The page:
CHILLICOTHE, Ohio — In one of the most hard-edged speeches of his presidential campaign, Mitt Romney stood before roughly 5,000 cheering supporters and shamed President Obama for running a "campaign of division, and anger, and hate."
The campaign has been escalating its rhetoric over the past week as it denounces a series of attacks it sees as out of bounds — from a Priorities USA commercial apparently blaming Romney for the death of a laid-off steel worker's wife, to Vice President Biden telling a Virginia crowd earlier Tuesday that a Romney presidency would "put y'all back in chains."
In response, Romney accused Obama of trying to "smash America apart" and then win with a majority of the broken pieces.
His words came on one of the nastiest days of the 2012 presidential campaign, on which each side accused the other of a race to the bottom. Romney's senior adviser, Kevin Madden, rejected the notion that such harsh rhetoric undermined Romney's claim to the high ground.
"This is seizing the high-ground and imploring the president to join the debate there," Madden told BuzzFeed.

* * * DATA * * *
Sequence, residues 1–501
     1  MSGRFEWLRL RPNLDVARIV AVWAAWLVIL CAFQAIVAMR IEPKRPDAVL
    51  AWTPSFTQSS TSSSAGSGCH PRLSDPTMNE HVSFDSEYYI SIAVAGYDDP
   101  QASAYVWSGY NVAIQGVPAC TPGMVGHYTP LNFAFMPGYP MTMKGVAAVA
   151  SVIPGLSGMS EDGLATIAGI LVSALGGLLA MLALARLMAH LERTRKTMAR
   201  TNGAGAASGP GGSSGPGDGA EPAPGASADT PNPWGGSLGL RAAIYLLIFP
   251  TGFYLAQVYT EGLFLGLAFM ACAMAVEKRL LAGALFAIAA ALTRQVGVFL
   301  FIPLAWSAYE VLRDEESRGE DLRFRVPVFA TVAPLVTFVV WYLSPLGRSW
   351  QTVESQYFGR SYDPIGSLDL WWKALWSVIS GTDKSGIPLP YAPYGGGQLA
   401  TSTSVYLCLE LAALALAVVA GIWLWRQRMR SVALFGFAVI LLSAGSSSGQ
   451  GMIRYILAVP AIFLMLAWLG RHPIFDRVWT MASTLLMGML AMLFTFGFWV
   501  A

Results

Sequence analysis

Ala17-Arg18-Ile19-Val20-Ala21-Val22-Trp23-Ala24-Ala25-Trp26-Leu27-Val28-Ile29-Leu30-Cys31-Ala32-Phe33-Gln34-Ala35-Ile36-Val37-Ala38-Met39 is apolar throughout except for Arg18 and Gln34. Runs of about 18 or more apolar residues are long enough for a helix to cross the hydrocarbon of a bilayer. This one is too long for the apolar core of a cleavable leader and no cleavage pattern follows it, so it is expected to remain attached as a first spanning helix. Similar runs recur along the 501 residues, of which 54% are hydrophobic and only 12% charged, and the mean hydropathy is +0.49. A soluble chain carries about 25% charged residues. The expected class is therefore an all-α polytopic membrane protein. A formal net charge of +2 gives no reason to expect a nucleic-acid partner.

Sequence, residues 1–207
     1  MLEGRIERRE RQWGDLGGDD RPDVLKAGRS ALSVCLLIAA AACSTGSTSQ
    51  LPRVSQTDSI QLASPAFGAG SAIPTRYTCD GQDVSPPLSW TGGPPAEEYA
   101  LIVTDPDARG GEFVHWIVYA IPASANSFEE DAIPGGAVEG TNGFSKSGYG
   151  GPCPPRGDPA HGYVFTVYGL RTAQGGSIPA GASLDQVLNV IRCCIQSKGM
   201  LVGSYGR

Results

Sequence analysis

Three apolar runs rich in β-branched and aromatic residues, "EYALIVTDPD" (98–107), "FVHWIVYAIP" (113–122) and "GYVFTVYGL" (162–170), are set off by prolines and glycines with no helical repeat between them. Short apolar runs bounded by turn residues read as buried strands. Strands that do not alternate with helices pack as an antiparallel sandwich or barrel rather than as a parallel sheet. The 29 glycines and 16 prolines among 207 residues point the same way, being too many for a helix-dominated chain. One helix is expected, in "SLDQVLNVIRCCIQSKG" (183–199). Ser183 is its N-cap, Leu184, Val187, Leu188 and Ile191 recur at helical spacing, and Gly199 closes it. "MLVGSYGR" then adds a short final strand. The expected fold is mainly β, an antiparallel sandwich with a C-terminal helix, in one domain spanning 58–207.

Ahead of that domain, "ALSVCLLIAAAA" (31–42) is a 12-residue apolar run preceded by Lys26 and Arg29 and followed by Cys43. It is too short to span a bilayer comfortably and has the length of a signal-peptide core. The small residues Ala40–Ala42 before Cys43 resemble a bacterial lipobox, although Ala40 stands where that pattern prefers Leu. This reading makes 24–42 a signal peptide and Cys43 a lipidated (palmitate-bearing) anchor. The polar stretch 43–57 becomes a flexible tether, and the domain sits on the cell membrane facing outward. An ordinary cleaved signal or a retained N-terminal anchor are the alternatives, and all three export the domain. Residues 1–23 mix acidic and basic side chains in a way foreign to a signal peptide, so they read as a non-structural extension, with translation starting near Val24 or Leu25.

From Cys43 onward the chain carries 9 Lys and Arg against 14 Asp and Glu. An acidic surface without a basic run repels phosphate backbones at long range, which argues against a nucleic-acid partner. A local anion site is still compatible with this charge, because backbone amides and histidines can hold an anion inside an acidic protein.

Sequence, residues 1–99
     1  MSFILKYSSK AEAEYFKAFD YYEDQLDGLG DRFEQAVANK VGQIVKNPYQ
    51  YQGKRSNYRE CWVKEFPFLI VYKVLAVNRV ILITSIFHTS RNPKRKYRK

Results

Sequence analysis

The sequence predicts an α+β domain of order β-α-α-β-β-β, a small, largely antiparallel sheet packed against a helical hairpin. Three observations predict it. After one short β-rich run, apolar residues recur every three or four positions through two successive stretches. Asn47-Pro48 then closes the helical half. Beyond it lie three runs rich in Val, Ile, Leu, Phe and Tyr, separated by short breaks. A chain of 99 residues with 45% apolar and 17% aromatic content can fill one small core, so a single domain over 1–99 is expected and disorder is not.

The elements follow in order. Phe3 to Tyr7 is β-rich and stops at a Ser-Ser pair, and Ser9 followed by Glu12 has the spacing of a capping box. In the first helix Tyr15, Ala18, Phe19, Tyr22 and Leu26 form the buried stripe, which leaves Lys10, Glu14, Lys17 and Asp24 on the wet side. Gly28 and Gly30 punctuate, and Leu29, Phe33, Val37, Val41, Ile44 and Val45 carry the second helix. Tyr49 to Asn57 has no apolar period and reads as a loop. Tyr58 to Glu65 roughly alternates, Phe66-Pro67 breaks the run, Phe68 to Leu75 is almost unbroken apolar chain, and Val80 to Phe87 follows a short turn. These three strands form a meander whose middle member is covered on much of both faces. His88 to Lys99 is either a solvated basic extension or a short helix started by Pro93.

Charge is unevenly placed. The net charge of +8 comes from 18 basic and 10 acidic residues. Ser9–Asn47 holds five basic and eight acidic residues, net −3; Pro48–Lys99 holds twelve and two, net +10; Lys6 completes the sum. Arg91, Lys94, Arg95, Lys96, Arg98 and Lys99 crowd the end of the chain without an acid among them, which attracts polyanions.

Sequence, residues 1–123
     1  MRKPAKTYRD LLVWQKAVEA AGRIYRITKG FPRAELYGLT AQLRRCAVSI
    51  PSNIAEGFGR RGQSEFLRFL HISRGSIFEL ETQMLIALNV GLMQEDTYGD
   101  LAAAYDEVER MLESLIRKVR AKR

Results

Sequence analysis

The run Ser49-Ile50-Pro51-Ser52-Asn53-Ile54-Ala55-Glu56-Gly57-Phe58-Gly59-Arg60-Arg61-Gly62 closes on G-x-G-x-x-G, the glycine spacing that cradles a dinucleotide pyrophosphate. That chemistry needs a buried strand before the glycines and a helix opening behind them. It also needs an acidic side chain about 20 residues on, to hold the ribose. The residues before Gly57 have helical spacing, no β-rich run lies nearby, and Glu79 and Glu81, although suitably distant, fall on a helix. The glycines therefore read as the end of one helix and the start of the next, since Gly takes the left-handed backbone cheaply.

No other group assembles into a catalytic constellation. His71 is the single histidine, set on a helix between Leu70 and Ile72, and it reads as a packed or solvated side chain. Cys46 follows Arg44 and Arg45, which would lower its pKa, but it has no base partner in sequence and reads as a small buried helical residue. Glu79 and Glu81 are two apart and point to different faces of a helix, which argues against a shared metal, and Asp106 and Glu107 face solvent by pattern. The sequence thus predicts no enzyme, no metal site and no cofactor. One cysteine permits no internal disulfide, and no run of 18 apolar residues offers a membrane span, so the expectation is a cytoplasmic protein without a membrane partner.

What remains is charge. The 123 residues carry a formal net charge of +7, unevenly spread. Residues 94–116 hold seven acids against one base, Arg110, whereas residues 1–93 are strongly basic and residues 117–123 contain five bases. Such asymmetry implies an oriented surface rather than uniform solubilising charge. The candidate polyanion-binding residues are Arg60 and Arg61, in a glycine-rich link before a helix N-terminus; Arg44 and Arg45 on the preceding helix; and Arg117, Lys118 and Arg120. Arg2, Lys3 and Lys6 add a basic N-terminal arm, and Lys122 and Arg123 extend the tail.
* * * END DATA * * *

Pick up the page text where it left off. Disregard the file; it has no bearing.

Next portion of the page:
Madden went on to say that the candidate was intentionally emphasizing Obama's tactics, in an effort contrast the president with the 2008 candidate many voters fell in love with.
"It's important to point out just how far President Obama has wandered from his hope and change rhetoric," Madden said. "It's become so clear, too, that it was just rhetoric, just idle words with no meaning."
He continued, "Governor Romney sent a message to these voters in Ohio and everywhere else that the kind of race you run says a lot about the kind of president you will be."
McKay Coppins is a senior writer for the BuzzFeed News politics team, and the author of The Wilderness, about the battle over the future of the Republican Party.
Contact McKay Coppins at firstname.lastname@example.org.
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